On Dec. 13, 2003, Saddam Hussein was captured by U.S. soldiers after spending nine months on the run.
Born to a poor family in 1937, Hussein would grow to participate in several coups before helping to install his cousin as dictator of Iraq in 1968. Eleven years later, he would take over, ruling for twenty-four years and earning a legacy of human rights violations and war crimes, including the use of biological and chemical weapons during an eight year war with Iran and against Iraq’s own Kurdish population.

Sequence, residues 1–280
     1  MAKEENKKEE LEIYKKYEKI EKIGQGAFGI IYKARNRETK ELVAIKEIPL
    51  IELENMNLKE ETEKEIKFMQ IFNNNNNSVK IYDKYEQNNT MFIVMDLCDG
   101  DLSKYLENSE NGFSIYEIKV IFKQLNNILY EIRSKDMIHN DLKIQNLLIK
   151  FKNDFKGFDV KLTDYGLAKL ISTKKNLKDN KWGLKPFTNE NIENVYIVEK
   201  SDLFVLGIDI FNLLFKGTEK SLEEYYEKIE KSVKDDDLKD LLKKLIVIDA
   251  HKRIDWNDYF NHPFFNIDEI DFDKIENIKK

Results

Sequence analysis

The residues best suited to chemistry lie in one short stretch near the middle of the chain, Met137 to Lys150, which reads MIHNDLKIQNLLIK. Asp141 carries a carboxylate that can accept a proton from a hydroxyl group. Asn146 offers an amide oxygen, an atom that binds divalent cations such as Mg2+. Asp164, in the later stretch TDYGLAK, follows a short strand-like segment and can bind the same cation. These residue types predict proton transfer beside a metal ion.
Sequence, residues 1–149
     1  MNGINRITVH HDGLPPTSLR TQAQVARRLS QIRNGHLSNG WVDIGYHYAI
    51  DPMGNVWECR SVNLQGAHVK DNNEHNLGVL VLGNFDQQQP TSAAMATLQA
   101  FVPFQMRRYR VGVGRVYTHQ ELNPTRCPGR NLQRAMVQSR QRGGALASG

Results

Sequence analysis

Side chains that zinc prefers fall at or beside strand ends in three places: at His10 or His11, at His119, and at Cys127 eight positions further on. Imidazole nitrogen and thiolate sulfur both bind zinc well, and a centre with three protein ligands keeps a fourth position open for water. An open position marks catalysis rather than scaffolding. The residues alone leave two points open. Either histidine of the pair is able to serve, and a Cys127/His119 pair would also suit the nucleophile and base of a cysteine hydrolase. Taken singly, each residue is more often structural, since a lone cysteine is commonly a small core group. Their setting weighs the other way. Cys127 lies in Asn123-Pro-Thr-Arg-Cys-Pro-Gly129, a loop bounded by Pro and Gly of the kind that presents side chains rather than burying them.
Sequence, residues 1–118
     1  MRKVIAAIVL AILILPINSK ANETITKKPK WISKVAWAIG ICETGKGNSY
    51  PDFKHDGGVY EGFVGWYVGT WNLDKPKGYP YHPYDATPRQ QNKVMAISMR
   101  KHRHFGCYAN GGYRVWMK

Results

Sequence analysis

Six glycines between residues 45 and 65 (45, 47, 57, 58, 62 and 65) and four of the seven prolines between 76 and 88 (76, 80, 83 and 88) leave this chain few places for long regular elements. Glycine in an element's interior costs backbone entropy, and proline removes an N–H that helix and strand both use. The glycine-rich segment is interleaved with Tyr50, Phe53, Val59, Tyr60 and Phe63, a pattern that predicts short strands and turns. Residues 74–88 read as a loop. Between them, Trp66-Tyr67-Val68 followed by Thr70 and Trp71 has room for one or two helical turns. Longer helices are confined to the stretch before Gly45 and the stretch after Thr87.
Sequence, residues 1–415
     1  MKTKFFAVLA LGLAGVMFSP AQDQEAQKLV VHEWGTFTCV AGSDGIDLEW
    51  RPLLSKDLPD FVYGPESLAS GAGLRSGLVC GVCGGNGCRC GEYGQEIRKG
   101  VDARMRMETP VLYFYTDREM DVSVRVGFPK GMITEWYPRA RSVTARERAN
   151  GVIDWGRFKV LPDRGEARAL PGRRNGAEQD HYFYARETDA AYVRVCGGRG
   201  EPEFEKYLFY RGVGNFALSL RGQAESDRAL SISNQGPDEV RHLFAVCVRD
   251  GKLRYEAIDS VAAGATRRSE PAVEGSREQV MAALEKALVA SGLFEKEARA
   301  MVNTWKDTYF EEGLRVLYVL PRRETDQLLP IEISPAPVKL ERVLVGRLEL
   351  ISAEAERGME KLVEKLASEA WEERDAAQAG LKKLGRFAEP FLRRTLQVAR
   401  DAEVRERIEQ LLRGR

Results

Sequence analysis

When Hussein invaded Kuwait in 1990, a U.S. led coalition defended the small country but failed to remove Hussein from power; instead, the U.N. enforced economic sanctions intended to cripple the biological, chemical, and nuclear weapon capabilities of Iraq.
According to U.S. President George W. Bush, the sanctions weren’t enough. In March 2003, the U.S. invaded Iraq, causing Hussein to go into hiding. U.S. soldiers found him in a hole outside Tikrit, where they arrested him to bring to trial for crimes against humanity.
On Nov. 6, 2006, he was found guilty and sentenced to death by hanging. He was executed on Dec. 30, 2006.